Star Literature

Star Literature

Fiction / Not talking in a city of loudspeakers

The door didn’t fully click shut. That was an ordinary affair in the house because the door locked to prevent escape. But, by chance or sheer good luck, it didn’t fully lock this time. The click was off. Someone hadn’t done their job correctly. Bloody hell, no one does their jobs correctly in this godforsaken country.

2d ago

Poetry / If I Speak

Tell me what to say when I need to speak, If I have to say something, So what can I say: look at that

2d ago


It is odd that nowadays One seldom hears the words

2d ago

Poetry / IS & WAS

Death dwells between is and was, Riding the final particle of a fading breath.

2d ago

Tribute / T.S. Eliot and on living in unreal cities

I once again find myself drawn to "The Waste Land"—though this isn’t about just the one poem, not really—where so much of the old world exists in motifs in a tattered landscape.

5d ago

Poetry / Silent screams

Let us raise our voices, let us be heard, / Justice for the dead, let their voices be stirred

6d ago

Poetry / Reminiscent

I remember the wallowing hole inside of my chest, / hollow and bleeding

1w ago

Fiction / My London: An immigrant story

You land in London with £210 in your pocket. It is the year 2009. You are able to pay the first month’s rent for the room, but not the deposit. You have to share it with an acquaintance from Dhaka. He arrived a week prior.

1w ago

Poetry / Not everyone looks at the sky with the same weighted heart

Once, I believed there was a crown on my head. The heart was brimming with life and light Brimming with boundless force to surpass any spread. Among the crowd, I was always one

Fiction / Terrible tea, terrible life choices

But I guess Ivan did not choose wisely. It was a series of unfortunate events with him and now, he was stuck with Rebecca–and there was still six hours 46 minutes left in this office cubicle.

ESSAY / The alterities of hunger

In two of the more prominent fictional works that are part of the diasporic South Asian literary production, Jhumpa Lahiri’s The Namesake and Mohsin Hamid’s The Reluctant Fundamentalist, food is presented as a conceptual apparatus that makes palatable the tensions of ‘multiculturalism’ and offers a critique of class barriers—if not always at the level of economics, but at the level of consciousness.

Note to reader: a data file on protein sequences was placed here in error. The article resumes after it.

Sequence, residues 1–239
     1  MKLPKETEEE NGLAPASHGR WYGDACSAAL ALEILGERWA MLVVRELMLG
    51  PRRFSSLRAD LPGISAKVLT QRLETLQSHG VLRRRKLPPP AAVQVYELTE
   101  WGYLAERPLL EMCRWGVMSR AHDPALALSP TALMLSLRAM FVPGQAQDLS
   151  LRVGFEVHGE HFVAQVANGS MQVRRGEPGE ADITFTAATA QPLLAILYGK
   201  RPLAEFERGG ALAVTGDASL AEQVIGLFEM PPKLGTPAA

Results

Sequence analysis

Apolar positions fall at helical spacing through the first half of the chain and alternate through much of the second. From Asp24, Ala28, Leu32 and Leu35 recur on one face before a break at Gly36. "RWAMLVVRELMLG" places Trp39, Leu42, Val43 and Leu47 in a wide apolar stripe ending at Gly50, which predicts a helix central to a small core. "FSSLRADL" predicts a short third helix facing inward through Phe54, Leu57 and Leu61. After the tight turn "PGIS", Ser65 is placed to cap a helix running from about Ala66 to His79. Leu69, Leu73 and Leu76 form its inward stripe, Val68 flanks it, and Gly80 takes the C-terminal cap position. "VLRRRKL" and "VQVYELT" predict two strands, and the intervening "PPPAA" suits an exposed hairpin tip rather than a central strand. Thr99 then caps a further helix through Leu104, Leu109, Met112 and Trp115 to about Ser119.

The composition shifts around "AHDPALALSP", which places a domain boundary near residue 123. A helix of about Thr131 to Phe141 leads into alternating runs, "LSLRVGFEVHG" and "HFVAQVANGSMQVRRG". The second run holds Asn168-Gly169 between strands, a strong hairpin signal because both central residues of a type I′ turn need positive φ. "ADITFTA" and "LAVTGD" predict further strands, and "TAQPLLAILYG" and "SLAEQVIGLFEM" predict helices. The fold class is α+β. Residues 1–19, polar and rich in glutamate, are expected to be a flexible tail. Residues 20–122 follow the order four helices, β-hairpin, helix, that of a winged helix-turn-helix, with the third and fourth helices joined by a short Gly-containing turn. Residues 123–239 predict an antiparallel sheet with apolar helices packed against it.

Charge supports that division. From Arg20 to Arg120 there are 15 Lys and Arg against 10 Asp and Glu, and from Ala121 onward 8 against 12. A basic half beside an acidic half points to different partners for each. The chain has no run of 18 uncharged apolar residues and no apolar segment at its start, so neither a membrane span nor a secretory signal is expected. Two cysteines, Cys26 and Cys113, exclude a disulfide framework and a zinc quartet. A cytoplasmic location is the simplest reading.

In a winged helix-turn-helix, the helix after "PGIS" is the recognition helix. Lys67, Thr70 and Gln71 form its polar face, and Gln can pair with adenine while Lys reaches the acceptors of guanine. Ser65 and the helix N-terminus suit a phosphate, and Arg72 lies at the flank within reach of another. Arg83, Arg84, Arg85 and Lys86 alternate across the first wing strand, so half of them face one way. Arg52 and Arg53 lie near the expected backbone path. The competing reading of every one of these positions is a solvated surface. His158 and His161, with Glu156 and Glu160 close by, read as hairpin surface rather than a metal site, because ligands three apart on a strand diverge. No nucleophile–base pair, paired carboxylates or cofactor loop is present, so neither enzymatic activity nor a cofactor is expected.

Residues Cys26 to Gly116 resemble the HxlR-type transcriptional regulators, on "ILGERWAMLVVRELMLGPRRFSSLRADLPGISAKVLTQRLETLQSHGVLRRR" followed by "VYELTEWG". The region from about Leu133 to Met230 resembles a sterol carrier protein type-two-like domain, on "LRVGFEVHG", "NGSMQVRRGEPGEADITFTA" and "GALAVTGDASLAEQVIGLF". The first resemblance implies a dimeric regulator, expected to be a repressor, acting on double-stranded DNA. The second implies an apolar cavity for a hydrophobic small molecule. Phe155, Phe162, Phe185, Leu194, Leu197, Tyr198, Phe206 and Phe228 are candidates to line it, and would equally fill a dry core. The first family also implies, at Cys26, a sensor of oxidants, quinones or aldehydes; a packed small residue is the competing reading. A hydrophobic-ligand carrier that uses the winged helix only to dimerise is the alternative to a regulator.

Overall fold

Even if you are not a film enthusiast, chances are high that you have watched the 2022 Telegu blockbuster RRR. At the very least, you should have heard about it.

1w ago

A modern love story in translation

I became an ardent admirer of Amrita Pritam, the maverick Punjabi author, an outspoken critic of the Indian patriarchy and discriminating social practices, three decades back in New York when I was putting together an anthology of world feminist poems in Bangla translation.

1w ago

Pandemic Nocturne 1: December Dirge

Ask me not of Grief. For I have been burnt by its friendly fire with blood and bits of oozing mortal flesh spun flaky and ashen by its biting cold breath.

jani dekha hobe

that single spot, shunyo, a hole that is filled to its circumference, I drive and the sun is bigger than I’ve ever seen and orange, look directly into it or, i had to write a poem to go along with the first

The graveyard in Banani

Love is the enormous mango tree growing directly from an ancient grave, so old that no headstone remains at all.

Black swan

from my blood fangs, disarrayed cold / looting my sore body / that has done so much for me, while I ached

Remembering Melville in his bicentenary year

Melville's critics, inevitably, panned him for what he had characterised self-deprecatingly and in his frustration as his fictional "botches," although his works were rarely that.

House of god

I wonder where God sits in that tower. I wonder whose cries are louder.

Living a feminist killjoy life

The way we perceive the word “emotion” through the gendered lens contributes to systematic oppression because it dismisses those who fall under the umbrella of the emotional radar and it is easier to silence their voices as emotional beings because they are often, according to the patriarchal society, deemed as unstable, illogical, or disoriented.

The Rakshushi by Kazi Nazrul Islam

‘It’s been two years today, a full two years, and it continues to amaze me that people run for their lives the moment they see me.